How to impact a game without taking a single shot
The longstanding coaches’ adage that “there is only one ball” is a subtle hint to most players to work on other aspects of their games. We often think that basketball is simply won by the side that scores the most points, but there are less salient factors that can impact how this battle plays out. As every player will have to spend more time without the ball than with it, we all have to learn to carve out our own niche on the court. Here are some less heralded ways:
Screens: The crux of modern offenses is forcing rotations and mismatches, and the high pick-and-roll has become the weapon of choice for many teams. By learning to set good solid screens that the defenders cannot fight through, you create space and bountiful opportunities for your team. Chicago Bulls rookie Wendell Carter is adept at this, earning minutes through his silent but solid play.
Energy: It seems a given that every player should give their utmost effort every second on the floor, but unfortunately this rarely seems to be the case. When you do see a player with this level of energy, they often stand out to everyone in the crowd. Montrezl Harrell of the Clippers is a prime example, appearing all over the court, seemingly guarding every player and battling it out for every rebound.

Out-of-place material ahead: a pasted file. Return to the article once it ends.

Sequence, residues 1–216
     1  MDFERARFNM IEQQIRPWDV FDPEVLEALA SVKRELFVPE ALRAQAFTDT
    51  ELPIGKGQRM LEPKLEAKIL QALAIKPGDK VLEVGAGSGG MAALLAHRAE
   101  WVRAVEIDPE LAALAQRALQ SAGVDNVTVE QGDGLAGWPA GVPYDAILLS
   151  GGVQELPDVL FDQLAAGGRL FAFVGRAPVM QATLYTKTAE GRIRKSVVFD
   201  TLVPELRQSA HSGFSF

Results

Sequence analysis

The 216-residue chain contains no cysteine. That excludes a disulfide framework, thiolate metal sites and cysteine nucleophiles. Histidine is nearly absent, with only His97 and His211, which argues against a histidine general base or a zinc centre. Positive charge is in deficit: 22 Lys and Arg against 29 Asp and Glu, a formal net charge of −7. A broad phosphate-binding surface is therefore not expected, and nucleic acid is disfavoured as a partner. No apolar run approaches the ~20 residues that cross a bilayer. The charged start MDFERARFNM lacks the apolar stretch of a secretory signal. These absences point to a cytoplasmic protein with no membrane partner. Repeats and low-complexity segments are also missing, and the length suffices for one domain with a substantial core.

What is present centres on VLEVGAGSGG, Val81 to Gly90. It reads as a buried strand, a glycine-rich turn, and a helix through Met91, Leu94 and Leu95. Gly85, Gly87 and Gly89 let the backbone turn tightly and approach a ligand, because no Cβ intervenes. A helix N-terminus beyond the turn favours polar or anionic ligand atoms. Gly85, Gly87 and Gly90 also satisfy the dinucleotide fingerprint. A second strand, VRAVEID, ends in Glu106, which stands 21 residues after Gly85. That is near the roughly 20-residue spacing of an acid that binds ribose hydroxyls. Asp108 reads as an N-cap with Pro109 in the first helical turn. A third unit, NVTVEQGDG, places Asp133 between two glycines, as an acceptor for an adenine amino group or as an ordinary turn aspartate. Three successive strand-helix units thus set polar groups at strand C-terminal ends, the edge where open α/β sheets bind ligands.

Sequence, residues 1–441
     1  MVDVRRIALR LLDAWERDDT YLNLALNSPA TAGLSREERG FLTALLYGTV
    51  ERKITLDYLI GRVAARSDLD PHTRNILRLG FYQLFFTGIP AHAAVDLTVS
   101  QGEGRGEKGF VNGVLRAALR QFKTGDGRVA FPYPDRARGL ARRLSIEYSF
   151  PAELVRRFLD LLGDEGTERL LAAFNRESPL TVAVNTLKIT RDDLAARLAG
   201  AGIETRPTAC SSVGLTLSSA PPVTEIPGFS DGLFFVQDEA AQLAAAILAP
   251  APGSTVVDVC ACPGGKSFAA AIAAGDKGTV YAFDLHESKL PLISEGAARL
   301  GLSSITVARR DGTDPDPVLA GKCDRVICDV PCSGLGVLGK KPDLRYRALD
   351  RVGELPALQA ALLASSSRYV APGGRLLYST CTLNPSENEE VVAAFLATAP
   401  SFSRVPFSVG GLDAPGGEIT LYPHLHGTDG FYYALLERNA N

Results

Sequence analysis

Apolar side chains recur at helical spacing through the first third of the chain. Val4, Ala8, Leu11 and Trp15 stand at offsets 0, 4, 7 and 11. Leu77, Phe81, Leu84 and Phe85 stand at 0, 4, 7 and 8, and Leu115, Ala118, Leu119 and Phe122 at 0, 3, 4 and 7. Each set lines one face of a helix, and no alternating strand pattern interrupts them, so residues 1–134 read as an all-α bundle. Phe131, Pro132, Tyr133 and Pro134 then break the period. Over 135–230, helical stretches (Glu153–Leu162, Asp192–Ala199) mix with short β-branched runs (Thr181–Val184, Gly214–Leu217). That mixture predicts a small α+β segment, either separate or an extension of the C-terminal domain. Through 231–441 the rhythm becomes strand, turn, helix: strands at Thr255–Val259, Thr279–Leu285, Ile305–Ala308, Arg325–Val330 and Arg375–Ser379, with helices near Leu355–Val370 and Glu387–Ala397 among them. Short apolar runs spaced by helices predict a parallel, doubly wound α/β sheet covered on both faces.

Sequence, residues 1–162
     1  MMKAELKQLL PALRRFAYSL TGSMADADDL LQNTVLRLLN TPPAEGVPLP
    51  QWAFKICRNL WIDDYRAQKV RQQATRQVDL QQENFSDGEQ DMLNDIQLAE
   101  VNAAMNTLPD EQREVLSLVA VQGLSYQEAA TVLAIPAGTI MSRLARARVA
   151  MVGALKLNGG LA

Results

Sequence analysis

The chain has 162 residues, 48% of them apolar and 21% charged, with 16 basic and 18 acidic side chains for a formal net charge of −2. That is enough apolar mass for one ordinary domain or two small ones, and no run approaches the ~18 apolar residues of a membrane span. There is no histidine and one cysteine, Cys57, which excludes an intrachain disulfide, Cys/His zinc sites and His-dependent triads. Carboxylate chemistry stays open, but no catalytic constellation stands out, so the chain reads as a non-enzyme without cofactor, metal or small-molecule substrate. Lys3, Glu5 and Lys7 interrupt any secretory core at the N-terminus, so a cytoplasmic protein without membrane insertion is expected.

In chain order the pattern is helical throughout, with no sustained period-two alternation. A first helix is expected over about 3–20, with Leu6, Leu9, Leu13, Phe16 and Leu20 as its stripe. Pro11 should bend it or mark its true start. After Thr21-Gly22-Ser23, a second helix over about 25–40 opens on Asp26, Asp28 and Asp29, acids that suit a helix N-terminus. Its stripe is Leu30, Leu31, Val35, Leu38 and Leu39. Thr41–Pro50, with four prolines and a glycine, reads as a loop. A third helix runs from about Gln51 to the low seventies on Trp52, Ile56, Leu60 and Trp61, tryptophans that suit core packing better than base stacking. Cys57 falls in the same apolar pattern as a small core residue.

Boxing out: A lot of the glitz and glamour in rebounding happens way above the rim, as an athletic specimen snags the ball out of mid-air. The true skill and hard work in rebounding happen right at the start however, with good box-out technique. A defensive player who is able to prevent his man from getting near the ball will help to ensure that his team gets the rebound, even if he does not do so himself. Steven Adams is a master at this, contributing to a lot more of the Thunder’s rebounds than what shows up on the stat sheet.